Did you enjoy fall while it was here?
That’s it. Fall is officially over. If you missed it, it’s your own fault. You should have enjoyed the five days of fall while they were here.
Of course officially, fall begins with the autumnal equinox that was marked at 9:49 a.m. on Saturday, Sept. 22.
If your astronomy skills are a little rusty, this annual event occurs when the hours of daytime and nighttime become equalized.
Night and day continue battling for dominance with nighttime always winning the tug-of-war until fall ends.
That’s supposed to happen on Dec. 21 when the winter solstice occurs. That’s the shortest day of the year — light-wise anyway — and it’s when the daytime begins to claw its way back to dominance.
Normally, that’s a pretty good amount of “fall,” though most folks start considering fall to end when the holiday season starts.
For Natchez fall ended sometime around Wednesday of last week, or least that’s when I noticed it.
Grabbing the basics of life — toothpaste, razor blades and toilet paper — on my way home Wednesday night, I was stunned by what I saw.
Just around the corner from the toothpaste aisle was evidence that fall had come and gone.
Rows of artificial Christmas trees beckoned fall consumers to turn their back on the orange leaves, pumpkins and hay bales of the season.
“Go ahead,” the plastic trees whispered. “Get into the Christmas spirit.”
The moment was disconcerting.
Once upon a time, understanding the seasons was simple.
Autumn led to Halloween, which led to Thanksgiving season, giving way eventually to Christmas.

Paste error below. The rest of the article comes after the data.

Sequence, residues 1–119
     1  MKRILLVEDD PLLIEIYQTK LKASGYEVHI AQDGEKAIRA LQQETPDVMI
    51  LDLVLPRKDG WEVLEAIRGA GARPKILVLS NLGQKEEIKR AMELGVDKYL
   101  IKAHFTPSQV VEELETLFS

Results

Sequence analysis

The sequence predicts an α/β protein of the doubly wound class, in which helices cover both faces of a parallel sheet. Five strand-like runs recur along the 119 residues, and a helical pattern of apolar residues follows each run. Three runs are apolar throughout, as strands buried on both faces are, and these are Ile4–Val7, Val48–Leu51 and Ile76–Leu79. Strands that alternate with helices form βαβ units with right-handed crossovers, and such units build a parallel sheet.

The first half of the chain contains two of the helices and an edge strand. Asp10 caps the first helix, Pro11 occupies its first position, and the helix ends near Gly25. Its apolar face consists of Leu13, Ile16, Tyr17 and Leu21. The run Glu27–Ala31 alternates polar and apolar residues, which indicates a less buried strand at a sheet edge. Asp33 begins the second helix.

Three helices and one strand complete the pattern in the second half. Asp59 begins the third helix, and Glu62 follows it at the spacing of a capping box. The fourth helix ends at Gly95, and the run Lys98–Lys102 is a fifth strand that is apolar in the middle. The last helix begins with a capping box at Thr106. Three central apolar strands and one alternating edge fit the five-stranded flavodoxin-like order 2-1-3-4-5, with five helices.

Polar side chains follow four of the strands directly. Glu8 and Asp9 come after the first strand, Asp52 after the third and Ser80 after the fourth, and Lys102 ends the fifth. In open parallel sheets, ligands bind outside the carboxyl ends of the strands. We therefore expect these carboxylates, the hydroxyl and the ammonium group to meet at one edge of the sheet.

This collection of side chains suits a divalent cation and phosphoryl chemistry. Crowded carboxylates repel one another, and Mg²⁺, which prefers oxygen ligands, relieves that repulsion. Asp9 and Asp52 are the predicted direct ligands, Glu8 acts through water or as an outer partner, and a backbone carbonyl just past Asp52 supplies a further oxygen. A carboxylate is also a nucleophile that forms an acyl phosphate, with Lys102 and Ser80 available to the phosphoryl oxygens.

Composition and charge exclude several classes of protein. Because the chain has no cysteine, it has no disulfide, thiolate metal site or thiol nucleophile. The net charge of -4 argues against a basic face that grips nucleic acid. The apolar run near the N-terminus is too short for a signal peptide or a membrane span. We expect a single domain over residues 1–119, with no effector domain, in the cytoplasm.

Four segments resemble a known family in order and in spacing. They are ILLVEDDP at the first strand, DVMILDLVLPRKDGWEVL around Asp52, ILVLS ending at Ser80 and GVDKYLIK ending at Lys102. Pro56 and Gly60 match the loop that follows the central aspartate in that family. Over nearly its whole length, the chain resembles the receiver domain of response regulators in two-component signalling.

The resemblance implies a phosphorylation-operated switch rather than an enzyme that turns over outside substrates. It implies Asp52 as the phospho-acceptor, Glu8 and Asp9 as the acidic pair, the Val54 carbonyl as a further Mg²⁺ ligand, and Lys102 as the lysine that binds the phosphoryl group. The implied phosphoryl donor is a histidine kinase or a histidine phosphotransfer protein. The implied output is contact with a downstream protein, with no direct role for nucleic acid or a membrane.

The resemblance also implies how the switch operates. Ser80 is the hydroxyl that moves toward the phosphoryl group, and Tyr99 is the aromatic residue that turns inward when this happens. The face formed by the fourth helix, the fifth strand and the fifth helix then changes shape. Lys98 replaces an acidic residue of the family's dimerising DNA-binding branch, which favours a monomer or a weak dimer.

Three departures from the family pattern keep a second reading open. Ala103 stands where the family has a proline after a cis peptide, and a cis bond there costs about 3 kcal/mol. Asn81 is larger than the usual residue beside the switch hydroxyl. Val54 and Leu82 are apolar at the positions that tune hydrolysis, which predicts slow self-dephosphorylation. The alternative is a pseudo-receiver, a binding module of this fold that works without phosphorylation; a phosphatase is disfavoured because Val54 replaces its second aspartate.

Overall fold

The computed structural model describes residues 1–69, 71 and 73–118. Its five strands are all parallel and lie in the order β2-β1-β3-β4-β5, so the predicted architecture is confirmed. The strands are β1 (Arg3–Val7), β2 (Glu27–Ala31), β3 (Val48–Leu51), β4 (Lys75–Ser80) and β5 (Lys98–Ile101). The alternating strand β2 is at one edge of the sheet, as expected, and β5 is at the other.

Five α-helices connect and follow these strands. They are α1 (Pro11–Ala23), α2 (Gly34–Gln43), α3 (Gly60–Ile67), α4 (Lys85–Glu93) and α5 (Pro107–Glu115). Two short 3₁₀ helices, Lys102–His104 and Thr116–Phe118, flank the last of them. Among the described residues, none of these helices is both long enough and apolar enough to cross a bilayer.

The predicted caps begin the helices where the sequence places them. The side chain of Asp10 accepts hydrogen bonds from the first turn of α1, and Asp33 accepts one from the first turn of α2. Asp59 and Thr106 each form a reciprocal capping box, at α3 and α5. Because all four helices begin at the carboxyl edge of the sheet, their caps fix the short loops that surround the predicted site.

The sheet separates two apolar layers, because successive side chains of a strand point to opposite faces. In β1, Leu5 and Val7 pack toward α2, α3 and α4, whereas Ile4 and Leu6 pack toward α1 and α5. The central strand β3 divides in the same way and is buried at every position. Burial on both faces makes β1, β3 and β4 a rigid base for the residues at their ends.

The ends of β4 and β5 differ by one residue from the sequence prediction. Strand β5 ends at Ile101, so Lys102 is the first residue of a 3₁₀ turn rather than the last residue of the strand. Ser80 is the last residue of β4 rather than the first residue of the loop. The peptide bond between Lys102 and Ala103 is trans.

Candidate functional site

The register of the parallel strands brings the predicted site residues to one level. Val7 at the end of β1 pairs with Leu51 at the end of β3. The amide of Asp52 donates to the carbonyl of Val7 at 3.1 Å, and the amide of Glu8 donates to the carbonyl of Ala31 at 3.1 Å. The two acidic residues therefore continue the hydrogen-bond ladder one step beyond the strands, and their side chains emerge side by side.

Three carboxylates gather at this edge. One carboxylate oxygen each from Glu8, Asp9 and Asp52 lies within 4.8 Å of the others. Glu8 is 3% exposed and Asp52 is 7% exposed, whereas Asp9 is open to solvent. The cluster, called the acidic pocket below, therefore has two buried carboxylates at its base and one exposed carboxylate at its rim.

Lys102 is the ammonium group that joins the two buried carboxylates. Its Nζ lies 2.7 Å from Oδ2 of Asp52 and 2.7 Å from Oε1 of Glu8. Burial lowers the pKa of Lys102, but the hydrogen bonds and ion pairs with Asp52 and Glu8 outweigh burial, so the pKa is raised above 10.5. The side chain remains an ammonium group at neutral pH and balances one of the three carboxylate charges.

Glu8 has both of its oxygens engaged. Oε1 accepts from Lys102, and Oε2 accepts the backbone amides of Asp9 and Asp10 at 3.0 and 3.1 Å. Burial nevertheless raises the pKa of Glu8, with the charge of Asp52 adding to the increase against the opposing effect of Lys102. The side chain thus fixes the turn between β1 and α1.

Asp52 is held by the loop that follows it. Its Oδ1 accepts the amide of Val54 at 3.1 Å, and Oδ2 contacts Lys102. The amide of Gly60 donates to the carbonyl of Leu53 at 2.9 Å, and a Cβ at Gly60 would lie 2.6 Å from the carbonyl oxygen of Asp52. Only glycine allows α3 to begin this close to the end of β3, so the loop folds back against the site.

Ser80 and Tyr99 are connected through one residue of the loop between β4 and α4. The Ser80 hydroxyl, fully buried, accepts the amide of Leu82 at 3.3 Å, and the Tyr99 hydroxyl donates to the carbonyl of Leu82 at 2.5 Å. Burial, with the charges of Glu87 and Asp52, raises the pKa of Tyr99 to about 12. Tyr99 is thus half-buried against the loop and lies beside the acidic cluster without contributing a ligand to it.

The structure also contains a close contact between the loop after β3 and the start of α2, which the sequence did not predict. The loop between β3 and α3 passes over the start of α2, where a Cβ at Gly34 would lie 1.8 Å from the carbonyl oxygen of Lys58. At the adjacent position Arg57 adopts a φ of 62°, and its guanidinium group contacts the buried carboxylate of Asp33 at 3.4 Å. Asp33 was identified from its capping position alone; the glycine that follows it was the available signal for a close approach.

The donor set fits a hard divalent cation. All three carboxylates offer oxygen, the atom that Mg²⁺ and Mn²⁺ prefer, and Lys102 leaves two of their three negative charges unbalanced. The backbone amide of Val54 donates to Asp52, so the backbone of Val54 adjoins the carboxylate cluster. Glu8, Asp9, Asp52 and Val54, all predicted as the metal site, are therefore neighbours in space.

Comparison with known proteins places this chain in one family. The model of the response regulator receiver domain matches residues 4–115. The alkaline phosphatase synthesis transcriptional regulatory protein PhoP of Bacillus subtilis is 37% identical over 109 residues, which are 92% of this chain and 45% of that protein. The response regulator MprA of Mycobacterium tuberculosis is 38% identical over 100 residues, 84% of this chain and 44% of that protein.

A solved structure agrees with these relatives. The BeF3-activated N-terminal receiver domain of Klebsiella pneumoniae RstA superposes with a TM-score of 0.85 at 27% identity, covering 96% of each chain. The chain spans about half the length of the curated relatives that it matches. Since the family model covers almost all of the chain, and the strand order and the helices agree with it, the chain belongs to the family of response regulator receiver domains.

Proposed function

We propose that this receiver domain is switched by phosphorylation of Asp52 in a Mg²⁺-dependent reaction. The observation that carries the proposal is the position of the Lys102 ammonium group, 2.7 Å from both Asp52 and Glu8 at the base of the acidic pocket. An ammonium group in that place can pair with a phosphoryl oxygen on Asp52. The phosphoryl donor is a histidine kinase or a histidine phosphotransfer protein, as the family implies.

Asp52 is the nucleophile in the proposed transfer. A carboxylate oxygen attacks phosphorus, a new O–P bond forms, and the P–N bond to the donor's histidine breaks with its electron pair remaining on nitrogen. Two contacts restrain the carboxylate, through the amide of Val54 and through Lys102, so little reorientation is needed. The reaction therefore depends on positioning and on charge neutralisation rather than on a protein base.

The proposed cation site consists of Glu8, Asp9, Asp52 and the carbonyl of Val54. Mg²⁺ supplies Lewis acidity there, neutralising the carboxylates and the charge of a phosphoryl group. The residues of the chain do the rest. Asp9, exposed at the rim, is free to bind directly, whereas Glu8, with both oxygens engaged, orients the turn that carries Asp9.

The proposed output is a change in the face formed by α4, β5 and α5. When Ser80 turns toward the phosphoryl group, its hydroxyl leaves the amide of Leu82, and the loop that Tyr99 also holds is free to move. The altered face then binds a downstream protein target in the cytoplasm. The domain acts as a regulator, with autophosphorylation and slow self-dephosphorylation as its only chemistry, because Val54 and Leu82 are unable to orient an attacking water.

The decorations followed the seasons in clear order — fall leaves, pumpkins, cornucopia, turkeys and then, and only then, the Christmas trees popped up.
All that began changing several years ago as national retailers realized that consumers weren’t all that jazzed by autumn — read retailers didn’t find the season all that profitable.
That retailer realization — let’s call it what is: greed — led to the holiday squeeze.
Since then, Christmas has begun coming earlier and earlier each year, thus this year’s five-day autumn.
Don’t get me wrong; I’m certainly no Grinch.
I like Christmas as much as the next person, but good grief, Christmas trees in September? That just seems a little premature, and a little “off” particularly in Natchez.
Spider lilies signal the arrival of fall in Natchez.
Slightly lowered temperatures signal fall.
Hot-air balloons signal fall, but Christmas trees should stay hidden until at least the first of November.
If someone doesn’t stand up for the poor fall season, her rights will be trampled, all in the name of selling us more Christmas stuff.
Christmas isn’t about buying stuff — or it’s not supposed to be anyway — it’s about celebrating the birth of Christ.
His father gave us four seasons, each of which comes with unique blessings.
Of course, perhaps the crazy early Christmas retailing experience is supposed to shock us into remembering that Christmas isn’t about us or about our stuff, but about Him.
Message received, straight from the toothpaste aisle.
Kevin Cooper is publisher of The Natchez Democrat. He can be reached at 601-445-3539 or firstname.lastname@example.org.